Fave 5: Bands we’re seeing at Canadian Music Week

We love music, and we especially love Canadian talent that not too many people know about yet. Canadian Music Week is creeping up (March 21-25) and it can be overwhelming to figure out which of the 500+ bands you want to check out. We thought we’d share a few of the lesser-known bands performing around our fair city. We’re not claiming to be music critics, so there is no deep analysis or thoughtful criticism here. Just a list of five bands that we like and are eager to check out live.

1. Kids & Explosions
We loved Girl Talk when we first discovered him, so were thrilled to find out that the Great White North has a similar DJ. We first saw the boy wonder (Josh Raskin) perform at the Drake Underground during their What’s In The Box festival, and can’t wait to see him again. His mash-ups are fun, lend themselves to dancing and cleverly mix our fave hip hop, 80s pop, rap, dance and metal tunes into one wicked good time.
Find Kids & Explosions at The Garrison on March 22, 1:30 a.m. (yep, it’s a late one).
On Twitter and on the interwebs.

2. The Balconies
Nothing’s better than a cool chick fronting a band, especially one that has a killer voice, good style and serious stage presence to go along with some solid rock tunes. Check out Kill Count and Serious Bedtime to get a taste. If only we could convince Jacquie to give us a guitar lesson.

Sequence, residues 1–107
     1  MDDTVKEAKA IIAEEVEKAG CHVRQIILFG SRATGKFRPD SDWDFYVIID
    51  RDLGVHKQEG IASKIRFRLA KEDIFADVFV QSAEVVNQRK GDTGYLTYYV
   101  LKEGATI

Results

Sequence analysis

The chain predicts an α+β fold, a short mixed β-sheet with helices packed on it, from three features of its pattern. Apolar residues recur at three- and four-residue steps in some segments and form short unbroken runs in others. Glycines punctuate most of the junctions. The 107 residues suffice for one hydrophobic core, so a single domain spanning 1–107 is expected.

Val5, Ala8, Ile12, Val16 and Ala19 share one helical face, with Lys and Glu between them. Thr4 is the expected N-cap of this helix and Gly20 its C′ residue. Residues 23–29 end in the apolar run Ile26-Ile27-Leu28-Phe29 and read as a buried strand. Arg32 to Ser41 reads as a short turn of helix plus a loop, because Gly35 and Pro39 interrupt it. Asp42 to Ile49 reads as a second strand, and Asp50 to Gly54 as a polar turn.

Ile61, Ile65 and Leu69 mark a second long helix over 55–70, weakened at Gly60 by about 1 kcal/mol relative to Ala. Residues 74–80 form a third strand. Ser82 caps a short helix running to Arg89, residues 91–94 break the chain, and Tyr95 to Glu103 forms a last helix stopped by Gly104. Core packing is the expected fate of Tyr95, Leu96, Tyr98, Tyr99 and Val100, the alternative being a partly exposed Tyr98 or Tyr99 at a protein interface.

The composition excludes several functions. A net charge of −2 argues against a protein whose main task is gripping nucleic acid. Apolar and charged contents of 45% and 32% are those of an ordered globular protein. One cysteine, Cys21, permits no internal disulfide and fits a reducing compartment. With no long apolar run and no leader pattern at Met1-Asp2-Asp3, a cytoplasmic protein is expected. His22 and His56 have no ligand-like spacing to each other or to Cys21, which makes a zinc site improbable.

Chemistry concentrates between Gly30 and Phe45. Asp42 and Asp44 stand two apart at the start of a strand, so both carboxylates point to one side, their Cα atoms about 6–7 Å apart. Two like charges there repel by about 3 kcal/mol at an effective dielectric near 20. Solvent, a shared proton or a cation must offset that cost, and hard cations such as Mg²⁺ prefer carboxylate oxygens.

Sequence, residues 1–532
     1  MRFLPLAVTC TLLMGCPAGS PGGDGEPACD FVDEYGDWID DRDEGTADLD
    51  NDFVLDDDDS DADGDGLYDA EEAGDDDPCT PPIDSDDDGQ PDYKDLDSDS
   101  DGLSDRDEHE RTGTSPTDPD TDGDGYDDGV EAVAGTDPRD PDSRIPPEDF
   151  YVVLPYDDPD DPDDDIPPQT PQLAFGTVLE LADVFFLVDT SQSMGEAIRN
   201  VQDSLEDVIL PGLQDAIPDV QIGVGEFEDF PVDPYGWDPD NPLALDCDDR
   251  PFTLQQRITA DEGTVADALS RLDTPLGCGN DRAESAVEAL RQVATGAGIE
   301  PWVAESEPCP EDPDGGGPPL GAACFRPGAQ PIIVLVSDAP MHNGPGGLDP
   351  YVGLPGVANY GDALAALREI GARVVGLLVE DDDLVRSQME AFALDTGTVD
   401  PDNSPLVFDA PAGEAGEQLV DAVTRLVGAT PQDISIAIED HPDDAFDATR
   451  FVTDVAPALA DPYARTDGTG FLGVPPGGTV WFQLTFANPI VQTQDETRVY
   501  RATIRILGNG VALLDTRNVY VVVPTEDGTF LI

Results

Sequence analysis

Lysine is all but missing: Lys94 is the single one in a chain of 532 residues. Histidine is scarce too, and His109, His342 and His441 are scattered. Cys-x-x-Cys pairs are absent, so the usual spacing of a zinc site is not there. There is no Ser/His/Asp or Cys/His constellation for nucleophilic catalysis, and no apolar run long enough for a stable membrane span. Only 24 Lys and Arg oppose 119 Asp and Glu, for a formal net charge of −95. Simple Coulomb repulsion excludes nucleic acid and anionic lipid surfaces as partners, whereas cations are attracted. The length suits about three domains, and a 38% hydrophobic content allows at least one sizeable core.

Find The Balconies at Cabin 5 on March 22, 11 p.m.
On Twitter and on the interwebs
3. The Treasures
We like variety and nothing beats an awesome roots rock band. These guys have played Hillside, SXSW and NXNE already, so maybe not the most obscure group. But, we still bet many of you haven’t heard of them. We’ll be sipping bourbon and listening to the harmonies in Warning Sign and On My Own. Can’t wait for their album to come out later this spring.
Why WOULDN’T you go see a band that poses for photos like this? 
Find The Treasures at the Dakota Tavern on March 24, 1 a.m.
On Twitter and on the interwebs

4. Cold Specks
Our friends at Arts and Crafts gave us a sneak peek of this songstress from Etobicoke and we were immediately hungry for more.She’s fairly established in the U.K., but just becoming known at home. Her music makes us want to hop on a train, zone out and listen to just her crazy-powerful voice for hours on end. 


Find Cold Specks at the Music Gallery on March 22, 9 p.m.